Secondary Logo

Journal Logo

Symposium: ABJS/C.T. Brighton Workshop on Trauma in the Developing World

Injuries in Developing Countries—How Can We Help?: The Role of Orthopaedic Surgeons

Zirkle, Lewis G. Jr MD1,a

Author Information
Clinical Orthopaedics and Related Research: October 2008 - Volume 466 - Issue 10 - p 2443-2450
doi: 10.1007/s11999-008-0387-0
  • Free

Abstract

Introduction

Each year nearly 5 million people worldwide die from injuries [1]. This is approximately the number of deaths caused by HIV/AIDS, malaria, and tuberculosis combined [6, 7, 8]. Ninety percent of these injuries occur in developing countries [2, 3, 5, 8].

An additional 20 to 50 million people are injured annually in road traffic accidents [4]. Many of these severe injuries include long bone fractures. Road traffic accidents, which cause a large majority of trauma injuries, are a disease of emerging prosperity. Rural people migrate to the cities where they secure jobs. They travel back and forth from their homes to these jobs. As a family accumulates money, the first purchase is often a motorbike, which becomes the family vehicle. New roads are being built at a much slower rate than the increased number of vehicles. The rule of the motorbike is the rule of the road.

Lower-level (“district”) hospitals that initially treat a large number of injured patients are not equipped to handle the increased number and severity of injuries often caused by road traffic accidents. Patients with severe injuries are usually referred to larger hospitals. Patients must purchase their implants for fracture stabilization prior to surgery. The cost of these implants makes them inaccessible for many patients. Outcomes are particularly bad for open fractures, which should be treated in a timely manner. Often times even IM nail systems that require interlocking with a C-arm are not available.

Surgeons in developing countries usually work in government hospitals for 6 to 8 hours per day and then spend the rest of their day working in a private practice. Anesthesiologists and nurses also work the same hours, ending surgery by 2:00 p.m. each day. Emergency surgery after these hours occurs in special operating rooms. Most surgeons are willing to stay later if they have operating time. This protocol is the same for surgeons in the majority of developing countries. These surgeons treat more fractures than surgeons in United States because 90% of severe fractures occur in developing countries [2, 3, 5, 8]. These surgeons are innovative, technically proficient, and are able to insert implants using tactile sense rather than visual aids such as C-arm imaging. They are credentialed surgeons and evidence of their skill and expertise can been seen in their surgical reports and witnessed in their patient interaction.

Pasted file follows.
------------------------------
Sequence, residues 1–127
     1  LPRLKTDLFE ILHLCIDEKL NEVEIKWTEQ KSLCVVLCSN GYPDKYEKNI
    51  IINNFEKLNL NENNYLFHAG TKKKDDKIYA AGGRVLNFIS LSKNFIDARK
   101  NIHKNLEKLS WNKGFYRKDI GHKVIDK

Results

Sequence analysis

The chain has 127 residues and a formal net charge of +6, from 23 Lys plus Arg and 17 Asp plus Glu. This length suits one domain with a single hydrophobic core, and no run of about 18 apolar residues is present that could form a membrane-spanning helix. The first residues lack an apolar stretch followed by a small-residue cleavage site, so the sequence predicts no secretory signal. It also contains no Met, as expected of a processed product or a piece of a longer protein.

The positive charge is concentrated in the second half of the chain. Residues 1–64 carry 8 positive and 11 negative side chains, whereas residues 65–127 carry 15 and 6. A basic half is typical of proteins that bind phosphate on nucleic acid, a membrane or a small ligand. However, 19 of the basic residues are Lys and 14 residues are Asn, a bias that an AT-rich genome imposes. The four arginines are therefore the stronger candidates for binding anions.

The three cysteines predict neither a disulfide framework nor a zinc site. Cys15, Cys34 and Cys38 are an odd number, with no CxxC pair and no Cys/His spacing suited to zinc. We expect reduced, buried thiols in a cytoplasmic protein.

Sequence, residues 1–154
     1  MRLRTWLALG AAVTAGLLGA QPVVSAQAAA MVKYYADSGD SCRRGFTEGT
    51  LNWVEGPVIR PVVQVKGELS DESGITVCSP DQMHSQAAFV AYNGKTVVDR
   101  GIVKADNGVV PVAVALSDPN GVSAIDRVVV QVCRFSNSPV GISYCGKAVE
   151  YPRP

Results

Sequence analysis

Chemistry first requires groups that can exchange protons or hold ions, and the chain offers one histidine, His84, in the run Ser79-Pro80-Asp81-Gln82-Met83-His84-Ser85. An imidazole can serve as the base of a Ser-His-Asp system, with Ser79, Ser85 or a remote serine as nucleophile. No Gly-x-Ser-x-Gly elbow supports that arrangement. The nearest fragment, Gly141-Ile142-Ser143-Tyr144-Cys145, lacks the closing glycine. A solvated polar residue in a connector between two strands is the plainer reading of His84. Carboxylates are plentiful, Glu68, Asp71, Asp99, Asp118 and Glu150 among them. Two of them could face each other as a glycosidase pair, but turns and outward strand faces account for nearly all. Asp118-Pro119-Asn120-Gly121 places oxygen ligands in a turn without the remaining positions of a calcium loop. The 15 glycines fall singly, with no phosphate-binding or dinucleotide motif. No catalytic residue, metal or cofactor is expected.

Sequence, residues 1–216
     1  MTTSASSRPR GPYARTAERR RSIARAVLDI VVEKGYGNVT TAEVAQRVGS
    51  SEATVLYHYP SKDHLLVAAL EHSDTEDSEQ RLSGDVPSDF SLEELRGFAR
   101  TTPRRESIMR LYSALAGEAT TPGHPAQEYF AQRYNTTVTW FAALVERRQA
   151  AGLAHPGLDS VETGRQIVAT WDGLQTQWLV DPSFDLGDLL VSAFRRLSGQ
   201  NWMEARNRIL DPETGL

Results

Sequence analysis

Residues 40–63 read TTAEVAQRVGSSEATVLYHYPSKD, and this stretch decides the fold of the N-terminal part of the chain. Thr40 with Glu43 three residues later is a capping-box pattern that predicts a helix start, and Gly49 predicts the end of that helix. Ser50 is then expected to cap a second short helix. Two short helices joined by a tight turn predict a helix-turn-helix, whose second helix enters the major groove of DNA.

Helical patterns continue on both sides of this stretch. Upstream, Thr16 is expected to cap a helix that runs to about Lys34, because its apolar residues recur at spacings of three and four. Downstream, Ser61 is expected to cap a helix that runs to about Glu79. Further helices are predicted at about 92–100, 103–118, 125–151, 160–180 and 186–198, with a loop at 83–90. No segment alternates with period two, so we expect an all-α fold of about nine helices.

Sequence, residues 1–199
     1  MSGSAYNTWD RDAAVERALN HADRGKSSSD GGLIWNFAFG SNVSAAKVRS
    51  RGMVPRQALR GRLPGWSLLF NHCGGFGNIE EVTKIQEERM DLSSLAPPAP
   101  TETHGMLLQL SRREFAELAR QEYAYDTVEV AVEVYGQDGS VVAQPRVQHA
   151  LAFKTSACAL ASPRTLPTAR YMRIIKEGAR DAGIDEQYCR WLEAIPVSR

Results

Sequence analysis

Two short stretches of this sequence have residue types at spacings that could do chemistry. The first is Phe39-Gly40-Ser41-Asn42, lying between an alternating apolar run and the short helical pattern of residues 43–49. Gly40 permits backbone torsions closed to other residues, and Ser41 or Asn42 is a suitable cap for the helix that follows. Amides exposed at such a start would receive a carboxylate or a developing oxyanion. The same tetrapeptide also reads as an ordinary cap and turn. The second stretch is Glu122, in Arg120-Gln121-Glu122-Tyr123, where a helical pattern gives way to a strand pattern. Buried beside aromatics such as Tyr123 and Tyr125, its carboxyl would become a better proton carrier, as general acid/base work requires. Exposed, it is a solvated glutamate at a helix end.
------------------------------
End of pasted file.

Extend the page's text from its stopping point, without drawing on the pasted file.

I will describe an approach that demonstrates how, with access to both mentors and affordable technology, surgeons have the opportunity to better serve their patients with long bone fractures. The students then become the teachers, and they are eager to learn and share their knowledge. I learn from them each time I visit.

History of SIGN

I formed the Surgical Implant Generation Network (SIGN) (http://www.sign-post.org) in 1999, with a vision of creating equality of fracture care throughout the world. The sentinel event came when I saw a patient who had been lying in traction with a nonunited femur fracture for 3 years! Surgeons in this hospital knew to treat the fracture, but the patient could not afford the implant. I suddenly realized that teaching the treatment of long bone fractures had to be accompanied by a sustainable supply of implants which were affordable and appropriate to the local conditions. I then developed a system for the nailing of long bone fractures which could be implanted without the need for a C-arm.

The first challenge was to develop a targeting system that would locate the distal interlock. Initial attempts to design such a device that would interlock without using a C-arm took place in a garage. The nail was made by hand, and did not meet adequate manufacturing standards to meet the demands of orthopaedic surgery. We then progressed to making nails on a hand-milling machine. After producing only one nail in 1 day, we quickly realized the futility of this approach. Randy Huebner, founder of Acumed, recognized our vision. Acumed helped us manufacture the first set of SIGN instruments and nails in 1999. SIGN headquarters in Richland, Wash., now manufactures low-cost instruments and implants that are FDA-approved for use in the United States (Fig. 1). The FDA designation is important as an assurance of the quality of our design, materials, and manufacture. These implants are distributed free of cost to designated SIGN centers in developing countries. Design features have evolved over the years, in response to helpful suggestion from SIGN surgeons, as discussed below.